Pope Francis’ Letter On Mercy And Abortion, Explained

Kevin Daley | Supreme Court Reporter

Pope Francis released an apostolic letter Sunday which, among other things, authorized Catholic priests to lift certain canonical discipline surrounding women who have had abortions.

The letter, “Misericordia et Miseria” (Mercy and Peace), was released in connection with the end of the Jubilee Year of Mercy, a liturgical year established by the pontiff that concluded Sunday. Francis hoped the Catholic clergy and faithful would dedicate the year to growing stronger and more effective in the practice and experience of mercy.

In his letter, the pontiff writes:

Given this need, lest any obstacle arise between the request for reconciliation and God’s forgiveness, I henceforth grant to all priests, in virtue of their ministry, the faculty to absolve those who have committed the sin of procured abortion. The provision I had made in this regard, limited to the duration of the Extraordinary Holy Year, is hereby extended, notwithstanding anything to the contrary. I wish to restate as firmly as I can that abortion is a grave sin, since it puts an end to an innocent life. In the same way, however, I can and must state that there is no sin that God’s mercy cannot reach and wipe away when it finds a repentant heart seeking to be reconciled with the Father. May every priest, therefore, be a guide, support and comfort to penitents on this journey of special reconciliation.

Fr. Thomas Petri told The Daily Caller News Foundation it is not accurate to say this letter has authorized Catholic priests to absolve the sin of abortion, as priests have had this prerogative in most parts of the world for quite some time. Petri is academic dean at the Pontifical Faculty of the Immaculate Conception in Washington, D.C.

“All priests can forgive every sin, including abortion, and have been able to do so since 1983,” he told TheDCNF. “And virtually all priests have been able to lift the excommunication for abortion since 1983. And, to make it even more clear, it seems to me exceedingly rare that a woman would actually be excommunicated for an abortion.” (RELATED: Vatican Urges Catholics Not To Scatter Ashes Of The Deceased)

He explained that it is important to distinguish between the sin of abortion and the penalties attending the crime of abortion (which is typically excommunication.) The church attaches the status of “crime” to certain grave sins; and while abortion is among them, a person who commits the sin of abortion is not necessarily subject to the penalties attending the crime of abortion.

Commission of a crime in the canon law requires the presence of a whole host of factors in addition to a particular sinful act. One canon law expert in Rome notes that women who commit the sin of abortion are rarely, if ever, penalized for the crime of abortion.

Typically, only a bishop can lift an excommunication for the crime of abortion, but Petri noted that the great majority of bishops throughout the world have delegated this power to the priests under their supervision.

“In the United States, and in many places throughout the world, bishops have conceded to their priests the authority to lift that excommunication,” he said. “So now, the Holy Father is simply saying that all priests have that authority by his concession.”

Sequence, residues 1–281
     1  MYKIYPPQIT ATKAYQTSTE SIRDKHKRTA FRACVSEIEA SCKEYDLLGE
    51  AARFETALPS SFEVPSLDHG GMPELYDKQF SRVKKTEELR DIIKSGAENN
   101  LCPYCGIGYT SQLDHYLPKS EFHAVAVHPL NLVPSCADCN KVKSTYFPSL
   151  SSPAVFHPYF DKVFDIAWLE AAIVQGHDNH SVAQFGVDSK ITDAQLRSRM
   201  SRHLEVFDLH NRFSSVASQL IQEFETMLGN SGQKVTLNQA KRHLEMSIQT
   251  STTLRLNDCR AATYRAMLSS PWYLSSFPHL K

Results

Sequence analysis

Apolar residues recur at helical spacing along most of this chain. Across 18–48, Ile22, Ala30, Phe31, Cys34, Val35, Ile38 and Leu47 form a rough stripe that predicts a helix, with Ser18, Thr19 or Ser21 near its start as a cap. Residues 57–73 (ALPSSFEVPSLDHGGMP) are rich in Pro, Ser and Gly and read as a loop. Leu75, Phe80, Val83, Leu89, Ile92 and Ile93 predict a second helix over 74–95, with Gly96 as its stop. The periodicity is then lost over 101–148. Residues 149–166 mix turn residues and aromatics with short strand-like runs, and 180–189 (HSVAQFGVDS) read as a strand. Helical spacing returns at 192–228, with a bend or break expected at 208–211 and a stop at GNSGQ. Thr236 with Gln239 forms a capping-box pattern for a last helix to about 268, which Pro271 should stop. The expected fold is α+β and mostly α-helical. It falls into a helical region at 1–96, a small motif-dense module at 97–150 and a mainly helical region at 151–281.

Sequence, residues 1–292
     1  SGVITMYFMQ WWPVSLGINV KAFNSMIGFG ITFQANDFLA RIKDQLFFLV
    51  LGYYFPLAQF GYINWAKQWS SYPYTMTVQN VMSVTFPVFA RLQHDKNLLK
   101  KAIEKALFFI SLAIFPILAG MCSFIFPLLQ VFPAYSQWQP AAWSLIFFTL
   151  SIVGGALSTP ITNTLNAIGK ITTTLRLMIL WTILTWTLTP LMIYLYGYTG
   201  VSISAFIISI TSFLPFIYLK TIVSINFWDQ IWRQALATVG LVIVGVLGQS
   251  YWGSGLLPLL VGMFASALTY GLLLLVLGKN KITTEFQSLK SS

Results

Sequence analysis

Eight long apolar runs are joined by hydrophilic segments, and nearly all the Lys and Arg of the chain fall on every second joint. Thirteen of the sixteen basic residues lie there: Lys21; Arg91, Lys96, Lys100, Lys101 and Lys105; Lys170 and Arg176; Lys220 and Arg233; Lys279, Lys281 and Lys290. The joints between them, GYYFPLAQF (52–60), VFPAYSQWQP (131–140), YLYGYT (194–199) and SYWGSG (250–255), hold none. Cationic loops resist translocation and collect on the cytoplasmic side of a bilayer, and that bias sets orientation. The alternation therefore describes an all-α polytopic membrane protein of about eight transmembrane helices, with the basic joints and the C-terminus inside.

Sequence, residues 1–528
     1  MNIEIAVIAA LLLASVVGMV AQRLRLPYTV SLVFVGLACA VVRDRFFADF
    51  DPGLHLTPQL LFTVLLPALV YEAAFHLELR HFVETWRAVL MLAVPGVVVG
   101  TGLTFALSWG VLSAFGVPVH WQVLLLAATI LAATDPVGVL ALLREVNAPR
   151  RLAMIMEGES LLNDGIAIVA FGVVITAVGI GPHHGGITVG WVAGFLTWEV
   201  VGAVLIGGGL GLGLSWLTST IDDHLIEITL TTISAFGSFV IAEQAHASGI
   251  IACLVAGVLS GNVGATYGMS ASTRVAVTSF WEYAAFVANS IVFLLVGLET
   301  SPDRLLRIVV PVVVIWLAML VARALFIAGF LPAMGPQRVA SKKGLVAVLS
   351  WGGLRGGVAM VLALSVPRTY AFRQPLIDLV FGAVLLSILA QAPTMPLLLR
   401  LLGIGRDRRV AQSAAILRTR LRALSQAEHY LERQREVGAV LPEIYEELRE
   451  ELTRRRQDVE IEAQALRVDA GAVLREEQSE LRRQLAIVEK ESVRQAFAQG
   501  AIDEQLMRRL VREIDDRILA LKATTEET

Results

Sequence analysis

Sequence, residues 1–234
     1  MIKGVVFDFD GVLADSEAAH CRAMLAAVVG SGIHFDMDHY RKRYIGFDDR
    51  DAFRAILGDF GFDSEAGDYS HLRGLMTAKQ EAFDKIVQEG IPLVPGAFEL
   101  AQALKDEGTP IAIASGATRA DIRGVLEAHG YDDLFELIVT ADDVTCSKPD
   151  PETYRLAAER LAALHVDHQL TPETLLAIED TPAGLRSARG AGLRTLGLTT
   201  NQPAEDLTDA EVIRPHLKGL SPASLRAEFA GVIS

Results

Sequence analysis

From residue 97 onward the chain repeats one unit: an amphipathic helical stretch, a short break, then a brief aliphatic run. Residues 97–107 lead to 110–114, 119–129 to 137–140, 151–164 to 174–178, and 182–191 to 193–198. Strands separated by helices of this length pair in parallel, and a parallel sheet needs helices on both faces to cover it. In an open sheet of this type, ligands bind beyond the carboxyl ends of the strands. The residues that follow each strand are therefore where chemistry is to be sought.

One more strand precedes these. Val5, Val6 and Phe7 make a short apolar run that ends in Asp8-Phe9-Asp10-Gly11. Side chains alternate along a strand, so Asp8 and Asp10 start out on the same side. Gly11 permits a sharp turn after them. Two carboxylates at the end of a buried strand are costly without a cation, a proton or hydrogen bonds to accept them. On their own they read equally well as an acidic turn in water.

Petri is also a missionary of mercy, a special class of cleric established during the Jubilee Year.

“The purpose of the missionaries of mercy was to be the Holy Father’s ambassadors of mercy,” he explained. “We have been invited to various dioceses to give retreats, to preach at conferences specifically about this concept of mercy. In addition to that, the Holy Father granted missionaries of mercy faculties to lift excommunications for crimes that were reserved for the Holy See alone.”

Throughout the year of mercy, Petri said many women who had abortions came to him or his brother priests, fearing they had been excommunicated, or were still in a state of sin, despite the fact they had already received absolution in the sacrament of confession.

“Many women have come to us wondering ‘Did I go to the right priest? Did he have the approval to forgive me of that sin?'” he said. “It has led to a little bit of neuralgia among some post-abortive women, and there’s really no need for that.”

Given the complexity surrounding canonical discipline in this area, he told TheDCNF some confusion among journalists and lay Catholics is understandable.

“In this case, especially because the documents and the discipline of the Code of Canon Law are very specific, where some of these documents we’re seeing are somewhat ambiguous and I would say confusing, it’s not surprising that a lot of reporters have not understood the fine subtleties and distinctions of Catholic canon law and practice.”

He also said journalists should be leery of filtering these documents through a political lens.

In the pages of the Washington Post, Fr. James Bretzke, professor of moral theology at Boston College, speculated that this letter signals the pontiff hopes to remove abortion from the class of offenses considered “crimes.” The appellation is applied to a limited set of grievous sins which includes desecrating a consecrated host or breaking the holy seal of confession.

Petri also said that the letter finds its fullest expression in the broader context of the Jubilee Year, which he characterized as a “wonderful success.”

“Certainly as Americans I think we’re a little hesitant to give mercy or to receive mercy — we often consider it something that’s condescending. But of course, the good news of the Gospel is that that’s exactly what mercy is. It’s God condescending to us, and that we live and move and are forgiven and flourish because of his mercy, and so therefore, because we receive his mercy, we ought to give his mercy.”

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